An Austrian prince lies murdered in his bed in imperial St. Petersburg. A military attaché, his death is blamed on an international list of suspects, from Polish conspirators to Italian Carbonari, and the diplomatic ramifications are huge.
Can our cherry-dumpling-loving detective, Ivan Putilin, see through the “multitude of shadows,” find the murderer and save Russia from potential war?
The real Ivan Dmetrievich Putilin was a legend in his own lifetime. From 1866 until 1893 he chased St. Petersburg’s most notorious criminals as chief inspector of police.
Later contemporaries called him “the Russian Sherlock Holmes,” according to Louise McReynolds’ new book “Murder Most Russian.”
Leonid Yuzefovich begins his novel in spring 1893 when the detective has retired (just months before his death) to the countryside, and settled down to write his memoirs in a house with “veranda and apple orchard, on a high bank of the Volkhov River.”
Putilin really did write a popular autobiography, published after his death, called “Forty Years of Robbers and Murderers.” The fact that Yuzefovich openly bases his novel on actual, historical characters becomes the first layer in a complicated web of postmodern narrative trickery.
At the end of the prologue, Yuzefovich mentions the myths surrounding the “enigmatic figure” of Putilin; the official memoirist dissolved the mystery, presenting instead “an ordinary gentleman with luxuriant side whiskers” and – in the process – allowed himself to digress, suppress and fabricate.
The strangely omniscient narrator of “Harlequin’s Costume” claims there was a surviving notebook containing “Ivan Dmetrievich’s story in all its original charm.”
Having planted doubts in the readers mind about the story’s reliability, Yuzefovich introduces a bewildering cavalcade of characters, several of whom claim to have killed Prince von Ahrensburg. There are rumors of angels and werewolves.
At one point the murderer’s multiple false heads reminds Putilin of a puppet show trick in which “a busty mademoiselle wearing an over-gilded leotard” appeared to sprout three heads like “a woman-hydra.”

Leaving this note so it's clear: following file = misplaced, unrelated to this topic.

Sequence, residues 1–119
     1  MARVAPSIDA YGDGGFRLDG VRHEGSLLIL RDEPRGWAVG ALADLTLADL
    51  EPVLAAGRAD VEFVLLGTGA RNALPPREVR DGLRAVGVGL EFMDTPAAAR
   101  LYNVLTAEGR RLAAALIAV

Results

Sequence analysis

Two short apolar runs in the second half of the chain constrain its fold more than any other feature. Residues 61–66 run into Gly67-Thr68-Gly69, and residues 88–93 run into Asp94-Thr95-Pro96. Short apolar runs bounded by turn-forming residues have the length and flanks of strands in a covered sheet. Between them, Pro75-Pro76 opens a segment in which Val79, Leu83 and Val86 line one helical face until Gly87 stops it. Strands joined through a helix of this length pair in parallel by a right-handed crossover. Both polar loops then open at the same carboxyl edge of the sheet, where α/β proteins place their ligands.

The title image is also suitably carnivalesque. Putilin remembers a street performance in which Harlequin’s costume, sewn from rags with a single thread, fell to pieces when Pierrot pulled one end of the thread, leaving the performer naked.
In the same way, Putilin pulls at a vital clue knowing that eventually “this whole monstrous nightmare” would “suddenly fly to pieces and fall at his feet in a flurry of motley colored rags.”
Translator Marian Schwartz has likewise pulled off another magic trick. From the dialogue between police officers to the musings of Putilin’s biographer, Safonov, as he walks through “thickets of dog rose,” her linguistic fluidity is seamless.
“Harlequin’s Costume” first appeared in Russian in 2001 and its sequel, “Prince of the Wind,” won the National Bestseller literary prize. Schwartz is also translating Yuzefovich’s more recent novel, “Cranes and Pygmies,” which won the Big Book award in 2009.
“Harlequin’s Costume” is the first full novel by Yuzefovich published in English and gives a good taste of the author’s style. Fans of Boris Akunin hoping for another Fandorin series will be happy with the setting and detective elements, but ultimately might be disappointed.
This is more than a historical whodunit. Yuzefovich has taken the conventions of a thriller and deliberately undermined them. At one point Putilin pretends that a jar of pickled mushrooms in his pocket is a gun; in the middle of his detective work he starts thinking about the plot of an opera.
He digresses and interrupts himself; Safonov questions and embellishes until the only thing the reader can be absolutely sure of is the power of the author’s imagination and his metamorphic literary craft.